For example, amongst contracts obtained from schools we identified that potential disputes related to students’ use of services provided in a cloud solution will be handled in a U.S. based court (California) since schools have agreed to such conditions in the contract. We would have expected this to be an issue covered in an appropriate risk assessment.

Our results show that software is made available to students under the age of 13 (and that, therefore, schools contracts apply to such students). Previous research results from Swedish schools94 identified that some schools “forbid people under the age of 13 to use Facebook” and some enforce “the rule to not access Facebook is agreed upon via contracts written when the computer is provided.” However, interestingly, in the contracts analysed in this studysuch rules were not identified.

9.Discussion and conclusion

To meet future challenges it has been suggested from industry that Sweden needs to promote creativity and include coding skills in its school system, as early as in the primary school system.95 One may conjecture that adoption of FOSS may constitute one important enabler for successfully addressing such challenges.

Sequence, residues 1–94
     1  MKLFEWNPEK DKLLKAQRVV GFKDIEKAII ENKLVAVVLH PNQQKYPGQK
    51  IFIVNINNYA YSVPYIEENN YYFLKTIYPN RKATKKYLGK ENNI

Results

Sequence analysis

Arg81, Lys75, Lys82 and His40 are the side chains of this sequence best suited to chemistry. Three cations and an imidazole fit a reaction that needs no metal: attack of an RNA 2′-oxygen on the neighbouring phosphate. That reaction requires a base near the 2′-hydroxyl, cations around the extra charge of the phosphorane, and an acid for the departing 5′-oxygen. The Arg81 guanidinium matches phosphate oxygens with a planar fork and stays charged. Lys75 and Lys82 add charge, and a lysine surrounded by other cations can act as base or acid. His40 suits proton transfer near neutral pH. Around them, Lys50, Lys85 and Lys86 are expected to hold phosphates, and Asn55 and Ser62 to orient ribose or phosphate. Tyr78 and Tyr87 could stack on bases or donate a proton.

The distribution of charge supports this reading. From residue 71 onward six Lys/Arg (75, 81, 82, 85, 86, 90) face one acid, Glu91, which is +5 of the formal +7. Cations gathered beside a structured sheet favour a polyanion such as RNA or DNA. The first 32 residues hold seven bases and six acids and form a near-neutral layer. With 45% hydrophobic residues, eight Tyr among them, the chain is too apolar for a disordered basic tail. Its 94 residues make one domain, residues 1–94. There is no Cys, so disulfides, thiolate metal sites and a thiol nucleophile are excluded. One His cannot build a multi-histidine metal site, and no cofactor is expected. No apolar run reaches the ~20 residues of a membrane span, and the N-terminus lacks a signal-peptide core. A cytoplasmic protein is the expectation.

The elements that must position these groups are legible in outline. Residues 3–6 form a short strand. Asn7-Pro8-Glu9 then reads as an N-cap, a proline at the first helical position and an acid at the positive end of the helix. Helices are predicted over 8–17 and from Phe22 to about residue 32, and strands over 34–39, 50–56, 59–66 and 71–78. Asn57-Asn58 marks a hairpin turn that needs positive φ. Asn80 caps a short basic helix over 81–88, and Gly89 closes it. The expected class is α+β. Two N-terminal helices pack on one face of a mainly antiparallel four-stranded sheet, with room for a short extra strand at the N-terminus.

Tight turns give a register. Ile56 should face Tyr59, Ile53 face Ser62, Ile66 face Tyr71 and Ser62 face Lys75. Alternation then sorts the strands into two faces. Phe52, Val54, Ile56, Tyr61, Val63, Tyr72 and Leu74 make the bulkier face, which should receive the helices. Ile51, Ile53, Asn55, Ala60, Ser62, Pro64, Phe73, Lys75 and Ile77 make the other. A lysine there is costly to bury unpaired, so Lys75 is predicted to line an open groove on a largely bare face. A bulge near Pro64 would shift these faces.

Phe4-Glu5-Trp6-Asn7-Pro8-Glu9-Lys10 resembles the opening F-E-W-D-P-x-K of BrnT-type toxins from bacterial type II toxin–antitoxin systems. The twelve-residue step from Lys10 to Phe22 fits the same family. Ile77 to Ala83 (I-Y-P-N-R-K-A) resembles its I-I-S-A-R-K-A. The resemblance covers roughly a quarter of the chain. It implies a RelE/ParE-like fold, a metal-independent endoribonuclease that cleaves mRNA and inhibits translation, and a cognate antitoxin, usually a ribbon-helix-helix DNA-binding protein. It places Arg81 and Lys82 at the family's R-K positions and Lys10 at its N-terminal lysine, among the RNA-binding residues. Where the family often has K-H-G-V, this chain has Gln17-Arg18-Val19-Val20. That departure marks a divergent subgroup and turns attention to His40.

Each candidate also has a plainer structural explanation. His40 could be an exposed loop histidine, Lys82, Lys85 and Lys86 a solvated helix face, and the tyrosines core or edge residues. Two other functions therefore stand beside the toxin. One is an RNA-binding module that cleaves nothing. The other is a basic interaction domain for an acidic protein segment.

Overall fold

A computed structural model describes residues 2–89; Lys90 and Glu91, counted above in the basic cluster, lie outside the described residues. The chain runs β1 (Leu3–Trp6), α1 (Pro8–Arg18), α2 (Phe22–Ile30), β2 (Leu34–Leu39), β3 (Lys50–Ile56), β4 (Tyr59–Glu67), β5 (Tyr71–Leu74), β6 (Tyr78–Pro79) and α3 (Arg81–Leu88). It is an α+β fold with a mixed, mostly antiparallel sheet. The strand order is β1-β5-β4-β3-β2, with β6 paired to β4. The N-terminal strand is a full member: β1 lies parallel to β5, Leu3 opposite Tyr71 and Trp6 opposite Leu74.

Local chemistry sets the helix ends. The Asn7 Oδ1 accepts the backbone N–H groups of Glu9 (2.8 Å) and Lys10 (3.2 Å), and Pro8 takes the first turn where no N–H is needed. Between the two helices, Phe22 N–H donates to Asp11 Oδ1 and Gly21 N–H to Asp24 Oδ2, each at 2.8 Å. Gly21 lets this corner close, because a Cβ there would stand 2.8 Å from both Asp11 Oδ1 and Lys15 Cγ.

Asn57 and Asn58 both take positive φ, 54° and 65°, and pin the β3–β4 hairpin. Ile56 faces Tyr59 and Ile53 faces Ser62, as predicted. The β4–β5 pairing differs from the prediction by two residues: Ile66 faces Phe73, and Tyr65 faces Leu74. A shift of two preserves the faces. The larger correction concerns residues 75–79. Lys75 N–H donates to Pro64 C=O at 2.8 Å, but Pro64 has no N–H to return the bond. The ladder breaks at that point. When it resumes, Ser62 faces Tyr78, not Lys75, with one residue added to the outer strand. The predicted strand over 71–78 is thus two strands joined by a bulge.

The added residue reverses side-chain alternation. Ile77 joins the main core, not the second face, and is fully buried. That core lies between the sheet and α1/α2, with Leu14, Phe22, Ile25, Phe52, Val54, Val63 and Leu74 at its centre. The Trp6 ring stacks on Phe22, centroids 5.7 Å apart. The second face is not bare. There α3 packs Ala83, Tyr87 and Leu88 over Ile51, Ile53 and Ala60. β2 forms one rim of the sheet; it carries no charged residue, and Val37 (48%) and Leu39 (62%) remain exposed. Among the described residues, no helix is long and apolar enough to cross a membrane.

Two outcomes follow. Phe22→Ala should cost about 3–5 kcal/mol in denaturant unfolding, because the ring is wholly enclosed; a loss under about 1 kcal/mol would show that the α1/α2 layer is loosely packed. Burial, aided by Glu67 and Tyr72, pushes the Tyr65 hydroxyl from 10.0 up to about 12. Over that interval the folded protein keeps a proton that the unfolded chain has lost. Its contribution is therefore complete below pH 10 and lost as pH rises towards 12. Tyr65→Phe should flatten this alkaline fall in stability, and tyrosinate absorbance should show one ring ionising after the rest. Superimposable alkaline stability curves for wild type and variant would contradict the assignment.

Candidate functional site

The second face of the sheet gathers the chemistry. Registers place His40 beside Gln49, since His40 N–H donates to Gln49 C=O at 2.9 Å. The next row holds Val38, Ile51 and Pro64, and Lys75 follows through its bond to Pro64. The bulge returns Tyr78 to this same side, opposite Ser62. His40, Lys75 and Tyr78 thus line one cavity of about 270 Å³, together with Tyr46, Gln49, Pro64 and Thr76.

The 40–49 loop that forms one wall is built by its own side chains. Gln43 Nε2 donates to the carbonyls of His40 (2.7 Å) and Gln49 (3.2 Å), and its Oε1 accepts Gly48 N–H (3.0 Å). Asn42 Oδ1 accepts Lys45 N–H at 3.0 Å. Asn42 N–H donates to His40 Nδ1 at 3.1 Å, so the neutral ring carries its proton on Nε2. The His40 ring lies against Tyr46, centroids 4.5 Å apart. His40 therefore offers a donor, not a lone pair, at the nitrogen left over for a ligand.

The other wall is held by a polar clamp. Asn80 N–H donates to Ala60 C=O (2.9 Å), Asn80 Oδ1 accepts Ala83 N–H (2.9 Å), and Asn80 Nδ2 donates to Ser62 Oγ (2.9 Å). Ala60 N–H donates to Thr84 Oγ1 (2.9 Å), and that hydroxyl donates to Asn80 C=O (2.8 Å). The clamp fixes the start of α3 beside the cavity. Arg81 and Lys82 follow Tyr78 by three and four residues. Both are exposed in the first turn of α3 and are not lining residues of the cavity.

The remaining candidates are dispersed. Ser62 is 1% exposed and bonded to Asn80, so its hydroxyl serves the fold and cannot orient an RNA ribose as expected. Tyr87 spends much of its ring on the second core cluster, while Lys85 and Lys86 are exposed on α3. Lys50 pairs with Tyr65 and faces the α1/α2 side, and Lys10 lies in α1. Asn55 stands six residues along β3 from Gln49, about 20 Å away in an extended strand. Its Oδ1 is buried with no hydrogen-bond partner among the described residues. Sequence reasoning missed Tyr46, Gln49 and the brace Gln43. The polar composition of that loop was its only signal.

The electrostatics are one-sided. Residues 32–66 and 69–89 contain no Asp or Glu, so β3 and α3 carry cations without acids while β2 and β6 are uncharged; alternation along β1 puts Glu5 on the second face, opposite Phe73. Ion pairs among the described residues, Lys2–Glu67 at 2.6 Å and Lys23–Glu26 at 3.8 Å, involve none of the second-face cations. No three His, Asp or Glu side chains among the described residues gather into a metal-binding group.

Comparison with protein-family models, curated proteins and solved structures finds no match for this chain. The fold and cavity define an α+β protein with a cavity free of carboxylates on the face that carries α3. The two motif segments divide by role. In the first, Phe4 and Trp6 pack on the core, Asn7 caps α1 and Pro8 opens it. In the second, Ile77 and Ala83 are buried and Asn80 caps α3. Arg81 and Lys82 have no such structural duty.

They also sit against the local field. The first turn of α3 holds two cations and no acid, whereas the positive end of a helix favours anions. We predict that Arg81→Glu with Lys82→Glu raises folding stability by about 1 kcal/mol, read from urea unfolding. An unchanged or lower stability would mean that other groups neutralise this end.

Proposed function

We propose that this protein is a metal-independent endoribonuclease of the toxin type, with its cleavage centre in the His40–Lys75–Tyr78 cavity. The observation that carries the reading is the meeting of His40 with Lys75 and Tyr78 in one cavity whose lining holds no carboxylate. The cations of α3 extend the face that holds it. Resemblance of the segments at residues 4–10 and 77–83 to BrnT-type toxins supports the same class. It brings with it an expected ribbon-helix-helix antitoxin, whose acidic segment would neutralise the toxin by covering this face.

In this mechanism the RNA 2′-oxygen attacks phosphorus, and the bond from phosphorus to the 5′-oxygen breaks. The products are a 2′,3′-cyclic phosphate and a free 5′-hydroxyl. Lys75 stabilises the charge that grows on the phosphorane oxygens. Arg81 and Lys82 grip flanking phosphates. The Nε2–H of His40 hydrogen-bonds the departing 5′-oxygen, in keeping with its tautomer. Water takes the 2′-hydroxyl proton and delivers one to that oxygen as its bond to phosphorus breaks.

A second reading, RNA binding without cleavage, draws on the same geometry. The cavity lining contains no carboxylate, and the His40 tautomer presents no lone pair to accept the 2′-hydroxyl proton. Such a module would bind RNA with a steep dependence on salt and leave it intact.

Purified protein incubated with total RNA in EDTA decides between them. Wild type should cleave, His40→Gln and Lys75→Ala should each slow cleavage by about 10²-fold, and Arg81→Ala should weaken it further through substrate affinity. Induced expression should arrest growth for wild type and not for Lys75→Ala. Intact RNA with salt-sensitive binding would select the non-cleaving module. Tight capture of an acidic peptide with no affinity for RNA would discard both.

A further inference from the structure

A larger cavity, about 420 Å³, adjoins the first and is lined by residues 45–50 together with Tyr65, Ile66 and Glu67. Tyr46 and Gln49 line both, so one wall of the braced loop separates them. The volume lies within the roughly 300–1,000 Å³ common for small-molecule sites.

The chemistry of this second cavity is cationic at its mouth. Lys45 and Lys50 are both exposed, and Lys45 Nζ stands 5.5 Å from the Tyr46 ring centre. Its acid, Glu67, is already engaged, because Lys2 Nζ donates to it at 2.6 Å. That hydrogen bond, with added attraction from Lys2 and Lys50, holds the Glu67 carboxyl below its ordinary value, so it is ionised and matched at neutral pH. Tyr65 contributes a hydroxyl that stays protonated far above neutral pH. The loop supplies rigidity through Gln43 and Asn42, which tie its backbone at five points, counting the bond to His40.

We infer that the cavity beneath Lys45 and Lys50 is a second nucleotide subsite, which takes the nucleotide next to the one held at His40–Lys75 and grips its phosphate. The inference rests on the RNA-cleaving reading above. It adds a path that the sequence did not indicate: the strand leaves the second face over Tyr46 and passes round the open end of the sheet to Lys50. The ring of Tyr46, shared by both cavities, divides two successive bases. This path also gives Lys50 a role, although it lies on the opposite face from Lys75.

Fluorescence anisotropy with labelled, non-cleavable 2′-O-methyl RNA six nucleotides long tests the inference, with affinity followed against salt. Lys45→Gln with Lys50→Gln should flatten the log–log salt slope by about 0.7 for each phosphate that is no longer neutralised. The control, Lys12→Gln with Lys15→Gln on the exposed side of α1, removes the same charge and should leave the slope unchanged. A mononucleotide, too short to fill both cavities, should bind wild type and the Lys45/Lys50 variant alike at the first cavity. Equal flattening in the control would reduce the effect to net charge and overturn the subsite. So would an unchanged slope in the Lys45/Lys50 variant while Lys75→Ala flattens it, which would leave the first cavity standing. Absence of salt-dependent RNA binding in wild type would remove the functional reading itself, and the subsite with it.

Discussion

From our analysis, we have found that the existing schools contracts suggest a bias (which may be unintentional) towards the implicit promotion of proprietary software and SaaS.

Since no documented risk assessment from analysis of conditions for use of cloud services was obtained in our study, one may conjecture that the outcome of such a risk assessment of conditions for use of cloud contracts for individual students in schools and their guardians would have taken issues concerning managing disputes involving students in different jurisdictions into account. Further, we were surprised to find that we were not able to identify any documented risk assessment in our study, especially since software and services are provided (under different conditions) to young students in schools.